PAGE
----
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GLOBAL | summer 2007

Women on the Verge
Contesting stereotypes and taboos in China’s changing economy

HANG YIN, 50-YEAR-OLD OWNER OF THE COMPANY NINE DRAGONS PAPER, BUILT her $3.4 billion fortune by importing U.S. waste paper for recycling in China. When she was identified last October as China’s richest person—and the first woman to top the list—it was a sign of both progress and socioeconomic inequality. While growing numbers of Chinese women gain success as independent entrepreneurs, the majority still find their options and incomes far lower than men’s.

Freer choices in life, education, career and family come at the cost of pressure to “succeed” according to narrow definitions. The decline of Communist ideology has allowed a resurgence of traditional Chinese biases that celebrate women’s domestic role over their social and economic accomplishments. The frenetic pace of development, while boosting the country’s economy, has commodified almost everything, including women.

Though the majority of urban Chinese women are employed full-time, popular culture and advertising depict them almost exclusively in romantic and domestic settings even more stereotypical than Western images. Young women promote apparel, cosmetics, diet products; older women pitch baby formula, cookware; men hawk cars and electronics.

“Young women talk about how finding a husband is finding an income,” observes one of China’s few successful female filmmakers, Peng Xiaolian, whose films explore daily challenges faced by Chinese women, “[as if] a woman’s role just is to be a capable housekeeper, a ‘face-giving’ wife.”

“We protest the media a lot,” says Zhou Meizhen, who teaches at the Shanghai Women Cadres’ College and co-founded, in 1992, China’s first women’s support hotline. “It’s now different from under Communism. Society is very commercial, and turns women into a commercial product. Women are conditioned to assess themselves according to the sexual marketplace, which shapes behavior in the workplace.” Last year, the broadcasting watchdog agency instituted a ban on TV and radio ads for products claiming to aid breast enhancement, height growth and weight loss (see Ms., Fall 2006).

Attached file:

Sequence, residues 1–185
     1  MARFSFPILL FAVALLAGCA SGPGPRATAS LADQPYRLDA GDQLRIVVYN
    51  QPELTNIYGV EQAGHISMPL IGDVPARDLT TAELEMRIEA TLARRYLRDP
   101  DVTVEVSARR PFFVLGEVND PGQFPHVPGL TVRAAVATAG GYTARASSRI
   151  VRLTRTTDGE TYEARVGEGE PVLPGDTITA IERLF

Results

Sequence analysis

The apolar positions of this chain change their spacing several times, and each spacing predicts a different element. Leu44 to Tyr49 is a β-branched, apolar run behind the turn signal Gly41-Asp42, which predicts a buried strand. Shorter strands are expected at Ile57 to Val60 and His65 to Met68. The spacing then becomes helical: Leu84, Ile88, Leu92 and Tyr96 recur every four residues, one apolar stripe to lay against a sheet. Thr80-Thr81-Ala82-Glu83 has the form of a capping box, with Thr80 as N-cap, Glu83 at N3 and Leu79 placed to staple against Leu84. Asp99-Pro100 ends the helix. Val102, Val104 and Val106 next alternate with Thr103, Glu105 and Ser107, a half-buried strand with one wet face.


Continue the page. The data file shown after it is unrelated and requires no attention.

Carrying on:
Zhong Yin Sun, professor of sociology at Fudan University and currently a visiting scholar at Harvard, deplores resurrected stereotypes and terminology: “People assume men should be older, smarter (better educated, at any rate), taller, and earning more money, while women should be younger, dumber, shorter, and poorer.… A career woman is a ‘white collar beauty’ [traditionally feminine], or a ‘dragon lady’ [pejorative for one ‘too capable’ to find a husband, a successful but ‘unattractive’ woman, or one in an unhappy marriage]. There also is ‘exquisite woman,’ whose high social status causes difficulty finding the right man, due to ‘marry up’ culture.”

A recent study published in the Shanghai Daily found female college graduates in the city earned 70 percent of what their male peers made, citing self-discrimination in the form of lower wage expectations as a primary cause. Another cause for lower wages is that women are considered ill-suited for technical, scientific or engineering fields, so rarely enter them. In cultural fields, the dynamics are slightly different. Many journalists are women in their early 20s, but most editors are men in their 50s. While China’s most prominent artists are men, women are gaining attention in China’s burgeoning art scene (at this year’s Venice Biennial, four women were chosen as the only artists to represent China). Curators and gallery and museum staff are largely women, but filmmakers and theater directors are predominantly men.